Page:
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Maditude
2005-10-02, 00:28
I've got a wired lan, that covers MOST of the entire house (two floors, plus basement).

Anyway, my wife wants to put a squeezebox in the kitchen, where running ethernet is a pretty much impossible.

I've got a wireless sb2 on order, but am wondering if I should get a wireless access point, or a wireless router, to hook everything up to the old (wired) LAN. From what I've seen, the routers tend to be a bit cheaper, though it's not a huge difference.

Is there a recommended way to go?

TIA,
Maditude

ceejay
2005-10-02, 01:15
If you've got a wired LAN, I guess you already have some kind of router between the LAN and the internet. If so, you don't need another one - so a simple Wirelass Access Point (WAP) is all you need. Plug it into your wired LAN at any convenient point and off you go.

A "Wireless Router" is actually two devices in one box - a router and a WAP. And the WAP ought to be cheaper - it was for me, last time I was looking.

Ceejay

Doug Carter
2005-10-02, 06:32
On Sun, Oct 02, 2005 at 01:15:49AM -0700, ceejay wrote:
> ...
> so a simple Wirelass Access Point (WAP) is all you need. Plug it into
> your wired LAN at any convenient point and off you go.
---end quoted text---

Its a good idea to set up WEP security on your access point (and SB2) so
that you don't wind up providing your neighbors Internet access :)

Doug Carter
2005-10-02, 07:47
On Sun, Oct 02, 2005 at 01:15:49AM -0700, ceejay wrote:
> ...
> so a simple Wirelass Access Point (WAP) is all you need. Plug it into
> your wired LAN at any convenient point and off you go.
---end quoted text---

Its a good idea to set up WEP security on your access point (and SB2) so
that you don't wind up providing your neighbors Internet access :)

max.spicer
2005-10-02, 08:48
If you've got it available, use WPA instead. WEP is quite insecure in comparison.

Max


On Sun, Oct 02, 2005 at 01:15:49AM -0700, ceejay wrote:
> ...
> so a simple Wirelass Access Point (WAP) is all you need. Plug it into
> your wired LAN at any convenient point and off you go.
---end quoted text---

Its a good idea to set up WEP security on your access point (and SB2) so
that you don't wind up providing your neighbors Internet access :)

radish
2005-10-02, 10:20
If a router is cheaper (as they often are, especially with rebates etc), buy that and just don't use the WAN port. I have done that several times with success.

Michaelwagner
2005-10-02, 17:58
Anyway, my wife wants to put a squeezebox in the kitchen, where running ethernet is a pretty much impossible.

Before you head down that route, why is ethernet impossible in the kitchen?

I would have thought the kitchen the easiest place (in most homes) to string wires - the walls are already swiss cheese, with numerous holes through the walls for water, drain, electrical, hot air ducts, home intercom, etc.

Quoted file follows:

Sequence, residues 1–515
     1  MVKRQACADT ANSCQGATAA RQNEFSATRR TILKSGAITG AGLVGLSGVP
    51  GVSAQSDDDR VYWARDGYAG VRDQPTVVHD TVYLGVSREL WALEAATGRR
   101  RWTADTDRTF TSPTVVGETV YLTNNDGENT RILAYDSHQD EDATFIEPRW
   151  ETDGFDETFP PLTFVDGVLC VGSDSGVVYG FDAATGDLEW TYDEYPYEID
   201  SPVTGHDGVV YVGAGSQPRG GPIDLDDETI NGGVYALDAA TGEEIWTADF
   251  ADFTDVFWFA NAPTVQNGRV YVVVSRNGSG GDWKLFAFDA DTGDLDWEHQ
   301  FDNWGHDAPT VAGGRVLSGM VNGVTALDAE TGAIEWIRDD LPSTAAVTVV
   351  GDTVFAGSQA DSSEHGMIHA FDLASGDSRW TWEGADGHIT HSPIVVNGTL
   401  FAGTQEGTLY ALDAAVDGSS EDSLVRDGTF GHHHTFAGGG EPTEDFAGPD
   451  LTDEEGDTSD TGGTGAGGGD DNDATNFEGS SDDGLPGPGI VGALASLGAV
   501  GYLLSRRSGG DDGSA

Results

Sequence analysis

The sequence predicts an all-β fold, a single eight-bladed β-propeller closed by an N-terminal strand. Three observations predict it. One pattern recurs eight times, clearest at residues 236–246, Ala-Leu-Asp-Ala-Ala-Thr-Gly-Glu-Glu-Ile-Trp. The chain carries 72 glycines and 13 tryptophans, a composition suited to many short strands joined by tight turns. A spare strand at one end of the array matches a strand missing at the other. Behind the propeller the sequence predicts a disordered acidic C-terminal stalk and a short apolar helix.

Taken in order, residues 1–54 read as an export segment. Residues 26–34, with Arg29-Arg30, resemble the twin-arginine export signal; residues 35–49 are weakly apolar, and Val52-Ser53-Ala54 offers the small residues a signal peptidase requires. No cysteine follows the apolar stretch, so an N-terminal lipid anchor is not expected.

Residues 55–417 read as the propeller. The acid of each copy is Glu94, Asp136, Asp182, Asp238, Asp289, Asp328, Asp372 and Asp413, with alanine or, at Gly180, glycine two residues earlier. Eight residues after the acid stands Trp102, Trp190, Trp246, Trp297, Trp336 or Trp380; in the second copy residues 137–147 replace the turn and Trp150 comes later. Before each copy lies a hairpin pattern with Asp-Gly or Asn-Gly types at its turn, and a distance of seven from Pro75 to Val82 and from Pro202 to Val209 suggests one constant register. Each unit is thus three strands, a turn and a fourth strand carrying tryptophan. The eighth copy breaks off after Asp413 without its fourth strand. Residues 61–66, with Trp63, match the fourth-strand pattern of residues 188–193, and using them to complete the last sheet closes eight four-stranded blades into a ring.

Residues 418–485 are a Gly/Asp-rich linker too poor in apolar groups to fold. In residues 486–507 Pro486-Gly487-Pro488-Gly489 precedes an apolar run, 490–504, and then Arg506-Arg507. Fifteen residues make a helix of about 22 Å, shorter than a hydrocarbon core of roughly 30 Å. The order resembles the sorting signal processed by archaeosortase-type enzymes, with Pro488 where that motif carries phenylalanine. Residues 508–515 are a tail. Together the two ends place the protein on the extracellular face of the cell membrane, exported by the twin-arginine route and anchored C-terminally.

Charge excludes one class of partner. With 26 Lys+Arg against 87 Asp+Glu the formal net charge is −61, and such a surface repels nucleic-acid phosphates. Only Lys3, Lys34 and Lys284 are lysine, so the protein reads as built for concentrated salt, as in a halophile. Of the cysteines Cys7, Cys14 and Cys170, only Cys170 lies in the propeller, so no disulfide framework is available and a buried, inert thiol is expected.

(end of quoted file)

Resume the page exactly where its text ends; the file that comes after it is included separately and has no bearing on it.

Michaelwagner
2005-10-02, 18:02
Something else to consider ... if any of your other squeezeboxen are wireless, you can use the squeezebox as a wireless bridge, it seems
http://forums.slimdevices.com/showthread.php?t=16717
I don't know much about this, never tried it (none of mine are wireless) but it might be interesting to try.

Maditude
2005-10-03, 00:38
> Before you head down that route, why is ethernet impossible
> in the kitchen?

Because I'm not allowed to cut through sheetrock (for good reason, I'm not the handiest person).

Thanks to all for the comments in the thread...

Fifer
2005-10-03, 00:41
Something else to consider ... if any of your other squeezeboxen are wireless, you can use the squeezebox as a wireless bridge, it seems
SB2 only though.

Maditude
2005-10-10, 19:39
If a router is cheaper (as they often are, especially with rebates etc), buy that and just don't use the WAN port. I have done that several times with success.

Is there some sort of trick to this? I got it all working without too much trouble (WPA) and the wireless squeezebox was sounding and looking great.

Then, my daughter turned on her computer, and complained that she couldn't connect to the internet. After a little investigation, I notice that 192.168.1.1 (which should be my WIRED lan's router IP address) was now showing up with the name of the wifi router.

Looking at my 'bsd boxes logs, it seems there was a fight between my wired router and wifi router... (arp: 192.168.1.1 moved from MAC#1 to MAC#2 and back). I didn't try changing the wifi router's network, didn't see any obvious place to do so, but since the WAN port wasn't plugged into anything, it shouldn't have been an issue. right?

The new wifi router is a LinkSys WRTG54, and I would just replace my regular router (LinkSys BFRS11 or sumthin' like that), but the wireless signal isn't traveling very well between the basement and the kitchen upstairs.

Michaelwagner
2005-10-10, 20:09
I suspect they're both trying to be the DHCP host.

Tell one of them (pref. the one without the WAN connection) to stop.

I think that should do it.

Bill Burns
2005-10-10, 20:27
Maditude wrote:
> radish Wrote:
>> If a router is cheaper (as they often are, especially with rebates etc),
>> buy that and just don't use the WAN port. I have done that several times
>> with success.
>
> Is there some sort of trick to this? I got it all working without too
> much trouble (WPA) and the wireless squeezebox was sounding and looking
> great.
>
> Then, my daughter turned on her computer, and complained that she
> couldn't connect to the internet. After a little investigation, I
> notice that 192.168.1.1 (which should be my WIRED lan's router IP
> address) was now showing up with the name of the wifi router.

Change the LAN IP address of the wireless router to 192.168.1.2 and turn
off its DHCP server.

--
Bill Burns
Long Island NY USA
mailto:billb (AT) ftldesign (DOT) com

Maditude
2005-10-10, 21:47
> Change the LAN IP address of the wireless router to 192.168.1.2
> and turn off its DHCP server.

That did it, thanks much!